HEADACHES, stomachaches and even small muscle pains often go away with over-the-counter medicines and a little massage.
However, some pains do come back and sometimes progresses.
It is important to understand the most common examples of these pains you may encounter one of these days. If you feel a pain (recurring or continuous for days), you should never ignore and have it check immediately.
Early diagnosis is extremely important, especially with life-threatening issues. Check the chart if any of these pain spots occurs in you.
* Lung and diaphragm. If you have constant dull pain in the neck and shoulder, it is time to take a trip to a doctor to check your lungs and diaphragm. This pain might be the result of breathing problems or the phrenic nerve which goes from the spine to the diaphragm, through the lungs.
* Liver and gallbladder. This pain is not easy to identify because problems with the liver or gallbladder can cause pain in the shoulders or neck as the person is more likely to blame it on lack of exercising or spending too much time on the computer. Listen to your body and if the pain doesn’t go away, check it out. It’s always better to be safe than sorry.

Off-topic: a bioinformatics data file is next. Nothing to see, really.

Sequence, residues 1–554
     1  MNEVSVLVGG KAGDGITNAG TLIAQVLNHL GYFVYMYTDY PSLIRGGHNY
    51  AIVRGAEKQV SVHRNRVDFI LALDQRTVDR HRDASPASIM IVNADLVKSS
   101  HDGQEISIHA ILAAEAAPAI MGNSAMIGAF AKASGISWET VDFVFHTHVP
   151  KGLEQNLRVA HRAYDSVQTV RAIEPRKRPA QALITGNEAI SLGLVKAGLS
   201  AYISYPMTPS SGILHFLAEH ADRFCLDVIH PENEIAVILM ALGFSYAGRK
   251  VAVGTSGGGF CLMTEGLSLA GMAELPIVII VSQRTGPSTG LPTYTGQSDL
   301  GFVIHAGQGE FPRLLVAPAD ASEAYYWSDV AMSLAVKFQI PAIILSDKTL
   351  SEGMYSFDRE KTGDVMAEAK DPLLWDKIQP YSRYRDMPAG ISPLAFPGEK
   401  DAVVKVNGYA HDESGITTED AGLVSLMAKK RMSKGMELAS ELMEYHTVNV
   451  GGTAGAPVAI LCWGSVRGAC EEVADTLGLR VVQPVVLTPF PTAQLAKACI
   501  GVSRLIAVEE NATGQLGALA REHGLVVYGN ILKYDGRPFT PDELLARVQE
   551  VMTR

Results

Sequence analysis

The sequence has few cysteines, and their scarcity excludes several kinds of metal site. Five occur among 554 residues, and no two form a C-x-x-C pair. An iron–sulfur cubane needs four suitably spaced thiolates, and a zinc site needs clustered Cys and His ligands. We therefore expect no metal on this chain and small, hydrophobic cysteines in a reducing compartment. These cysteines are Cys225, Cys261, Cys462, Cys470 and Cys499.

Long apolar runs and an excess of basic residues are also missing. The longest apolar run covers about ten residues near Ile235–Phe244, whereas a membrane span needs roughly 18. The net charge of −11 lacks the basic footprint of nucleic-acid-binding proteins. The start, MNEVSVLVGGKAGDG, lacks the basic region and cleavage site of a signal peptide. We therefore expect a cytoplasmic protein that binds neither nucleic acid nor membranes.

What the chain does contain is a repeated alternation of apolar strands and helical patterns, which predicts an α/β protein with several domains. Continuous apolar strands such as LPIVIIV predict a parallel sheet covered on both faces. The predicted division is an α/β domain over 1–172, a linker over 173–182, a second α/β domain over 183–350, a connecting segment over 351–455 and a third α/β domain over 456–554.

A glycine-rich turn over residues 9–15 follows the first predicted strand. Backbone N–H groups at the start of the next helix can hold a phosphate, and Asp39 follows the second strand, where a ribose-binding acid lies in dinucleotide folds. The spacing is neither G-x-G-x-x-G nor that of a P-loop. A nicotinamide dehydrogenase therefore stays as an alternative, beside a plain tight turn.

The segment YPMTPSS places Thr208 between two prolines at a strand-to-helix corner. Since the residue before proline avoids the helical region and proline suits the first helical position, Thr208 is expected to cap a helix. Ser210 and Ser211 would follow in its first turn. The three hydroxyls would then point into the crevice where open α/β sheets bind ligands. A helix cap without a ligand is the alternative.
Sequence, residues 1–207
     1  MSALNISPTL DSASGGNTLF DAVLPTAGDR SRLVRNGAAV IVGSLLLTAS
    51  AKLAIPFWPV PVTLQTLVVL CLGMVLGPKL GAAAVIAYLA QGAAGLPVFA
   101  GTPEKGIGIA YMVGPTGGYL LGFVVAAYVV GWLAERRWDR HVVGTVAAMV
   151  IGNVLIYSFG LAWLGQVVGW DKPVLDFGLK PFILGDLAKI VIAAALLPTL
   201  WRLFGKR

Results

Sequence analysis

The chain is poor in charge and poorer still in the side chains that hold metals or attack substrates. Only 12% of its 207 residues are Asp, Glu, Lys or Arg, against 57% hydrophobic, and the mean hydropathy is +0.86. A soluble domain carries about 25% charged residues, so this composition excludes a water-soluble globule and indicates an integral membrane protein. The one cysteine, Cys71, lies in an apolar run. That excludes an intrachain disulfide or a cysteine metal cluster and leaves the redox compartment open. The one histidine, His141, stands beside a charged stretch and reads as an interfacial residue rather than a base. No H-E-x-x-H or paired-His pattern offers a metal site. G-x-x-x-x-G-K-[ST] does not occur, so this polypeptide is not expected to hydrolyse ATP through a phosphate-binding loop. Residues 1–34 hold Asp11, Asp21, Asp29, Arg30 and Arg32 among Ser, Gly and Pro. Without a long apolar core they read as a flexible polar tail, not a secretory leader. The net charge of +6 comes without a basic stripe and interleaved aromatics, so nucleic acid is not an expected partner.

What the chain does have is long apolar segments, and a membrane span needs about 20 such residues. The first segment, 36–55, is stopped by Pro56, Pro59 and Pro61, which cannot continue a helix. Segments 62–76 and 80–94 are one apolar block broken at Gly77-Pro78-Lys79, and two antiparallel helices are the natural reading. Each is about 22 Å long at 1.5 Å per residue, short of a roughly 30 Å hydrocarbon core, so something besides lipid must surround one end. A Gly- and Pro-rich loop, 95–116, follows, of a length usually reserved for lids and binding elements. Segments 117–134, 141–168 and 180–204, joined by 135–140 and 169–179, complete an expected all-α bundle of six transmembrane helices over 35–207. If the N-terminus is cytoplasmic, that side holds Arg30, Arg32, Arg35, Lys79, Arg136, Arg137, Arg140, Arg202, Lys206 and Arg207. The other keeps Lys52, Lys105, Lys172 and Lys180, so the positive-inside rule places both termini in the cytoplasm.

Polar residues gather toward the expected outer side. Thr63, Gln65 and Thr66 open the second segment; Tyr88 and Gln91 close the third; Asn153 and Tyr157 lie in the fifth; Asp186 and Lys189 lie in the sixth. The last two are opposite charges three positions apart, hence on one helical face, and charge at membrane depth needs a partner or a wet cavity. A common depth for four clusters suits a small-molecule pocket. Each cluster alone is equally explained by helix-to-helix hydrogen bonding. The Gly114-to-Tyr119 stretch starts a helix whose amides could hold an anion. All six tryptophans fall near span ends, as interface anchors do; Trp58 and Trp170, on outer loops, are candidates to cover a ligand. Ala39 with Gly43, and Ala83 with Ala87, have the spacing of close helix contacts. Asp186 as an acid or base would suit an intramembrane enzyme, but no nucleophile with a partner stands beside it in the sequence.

* Heart. We are very much aware of this pain which could be located on the left side of the chest, as expected. However, you may also feel shooting pain on the internal side of the left hand or in the upper-middle part of the back.
* Stomach and pancreas. Normally this pain is relatively easy to identify, but about 50 percent of people with acute pancreatitis also have radiating back pain.
* Small intestine. The sharp pain in the abdominal area near the belly button might be caused by issues with the small intestine.
* Appendix and colon. Like chest pain, another common pain spot people are aware is appendicitis and trouble with the colon are normally relatively easy to identify as the pain is located on the right side of the middle-lower abdomen. Appendicitis is a life-threatening issue and if you have pain there, seek medical examination as soon as possible.
* Kidney. This one can be a bit tricky because the pain basically covers the whole lower back, abs, hips, and pelvis. If the pain doesn’t go away, the solution is simple: visit a doctor to check it out.
* Bladder. The pain caused by an infection in the bladder is often located in the lower pelvis, on the front or back side.
* Ovaries. This one is only applicable to women for obvious reasons. Sharp stabbing pain in the sides of the lower abdomen can be a sign of a problem and you should see a doctor.
If you listen to your body and literally “feel” the occurring pain, you can easily prevent life-threatening disease. If you feel pain (though massage may help relieve it) but recur again, it’s time to visit your doctor.